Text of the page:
S. 1178, the “Identity Theft Prevention Act,” is sponsored by Senators Inouye and Stevens.  This bill also requires notice of a security breach, but only where the breached entity determines that the breach creates a reasonable risk of identity theft, based upon whether the information can be accessed and is or could be usable.  Like S. 495, S. 1178 does not require free credit reports be provided to individuals, nor does it address information maintained by data brokers.  However, it does require the development, implementation and enforcements of security protection plans.  And it goes further than S. 495 by including several other significant provisions.  For example, it allows all individuals to place a security freeze on their credit files for a fee, unless the individual is a victim of identity theft who requests the freeze in writing, is a senior citizen, or is a member of, or a spouse of a member of, the armed forces.  It also imposes restrictions on the solicitation and use of a Social Security number, except that the restrictions do not apply to government entities.  Just as with S. 495, S. 1178 displaces state laws regarding notification of security breaches, development and implementation of safeguards for protection of PII, state laws relating to collection and use of Social Security numbers, and those relating to security freezes, to the extent they are inconsistent with federal law.  This bill also provides for enforcement by the state attorneys general.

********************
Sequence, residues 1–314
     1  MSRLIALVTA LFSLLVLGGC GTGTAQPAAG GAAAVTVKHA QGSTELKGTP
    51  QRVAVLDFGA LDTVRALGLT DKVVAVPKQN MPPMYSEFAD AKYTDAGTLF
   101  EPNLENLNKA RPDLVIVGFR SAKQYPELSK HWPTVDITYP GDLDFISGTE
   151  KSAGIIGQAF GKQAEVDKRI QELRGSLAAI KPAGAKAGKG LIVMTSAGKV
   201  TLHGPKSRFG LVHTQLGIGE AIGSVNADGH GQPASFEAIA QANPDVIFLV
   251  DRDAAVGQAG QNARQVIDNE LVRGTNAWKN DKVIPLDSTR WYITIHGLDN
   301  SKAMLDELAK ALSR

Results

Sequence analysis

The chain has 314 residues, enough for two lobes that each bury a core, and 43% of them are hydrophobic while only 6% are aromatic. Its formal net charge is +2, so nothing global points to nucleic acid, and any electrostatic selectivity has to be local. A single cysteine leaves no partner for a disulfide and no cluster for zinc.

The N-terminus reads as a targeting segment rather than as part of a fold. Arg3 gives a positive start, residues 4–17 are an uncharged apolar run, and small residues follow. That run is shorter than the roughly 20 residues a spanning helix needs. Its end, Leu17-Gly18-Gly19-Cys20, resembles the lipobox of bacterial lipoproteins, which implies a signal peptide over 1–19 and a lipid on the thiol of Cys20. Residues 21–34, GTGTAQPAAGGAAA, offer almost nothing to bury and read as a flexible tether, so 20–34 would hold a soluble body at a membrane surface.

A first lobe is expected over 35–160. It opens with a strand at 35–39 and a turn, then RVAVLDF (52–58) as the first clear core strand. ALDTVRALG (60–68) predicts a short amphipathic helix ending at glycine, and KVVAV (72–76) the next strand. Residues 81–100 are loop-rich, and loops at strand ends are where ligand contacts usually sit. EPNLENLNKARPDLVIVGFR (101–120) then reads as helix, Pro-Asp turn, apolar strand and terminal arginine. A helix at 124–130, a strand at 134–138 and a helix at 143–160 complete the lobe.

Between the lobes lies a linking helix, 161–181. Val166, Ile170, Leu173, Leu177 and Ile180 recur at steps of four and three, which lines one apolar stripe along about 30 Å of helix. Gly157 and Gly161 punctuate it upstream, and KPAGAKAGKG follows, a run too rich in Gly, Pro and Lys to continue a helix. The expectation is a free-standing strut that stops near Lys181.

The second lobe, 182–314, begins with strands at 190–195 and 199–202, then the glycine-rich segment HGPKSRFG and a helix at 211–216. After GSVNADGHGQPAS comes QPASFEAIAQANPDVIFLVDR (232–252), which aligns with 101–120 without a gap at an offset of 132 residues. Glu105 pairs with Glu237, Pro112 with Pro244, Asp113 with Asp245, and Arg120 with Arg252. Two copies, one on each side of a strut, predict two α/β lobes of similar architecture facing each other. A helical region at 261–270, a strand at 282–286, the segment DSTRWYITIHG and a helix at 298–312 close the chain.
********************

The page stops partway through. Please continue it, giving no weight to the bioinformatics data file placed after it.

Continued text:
S. 239 is sponsored by Senator Feinstein, and is called the “Notification of Risk to Personal Data Act of 2007.”  Like the other two bills, it provides for notification of individuals whose PII has been subjected to a security breach, and its breach notification requirements are substantially similar to those found in S. 495.  If more than 5,000 persons must be notified, the agency or company would need to coordinate with credit reporting agencies.  The bill would also require notice to the U.S. Secret Service if the breach involves the federal government, national security or law enforcement. 

All of the bills attempt to cover a lot of ground, and for that reason may run into roadblocks.  Additionally, given the Senate’s continued attention to Attorney General Gonzalez and the Iraq war, it is too soon to say whether a privacy bill will pass Congress this session. However, Senator Feinstein’s S. 239 likely has the best chance of being passed, since it limits itself to security breach notification alone.
 

Litigation Update – Federal Court Clarifies Requirements for Liability for Security Breach 

A recent federal court decision has provided some clarification to the murky area of claims for damages against the holder of the breached information.  In May, 2007, the U.S. District Court for the Southern District of Ohio held that the cost incurred by the plaintiff to enroll in a credit protection program as a result of a data security breach by a mortgage loan service provider was not enough to support a claim for negligence against the service provider.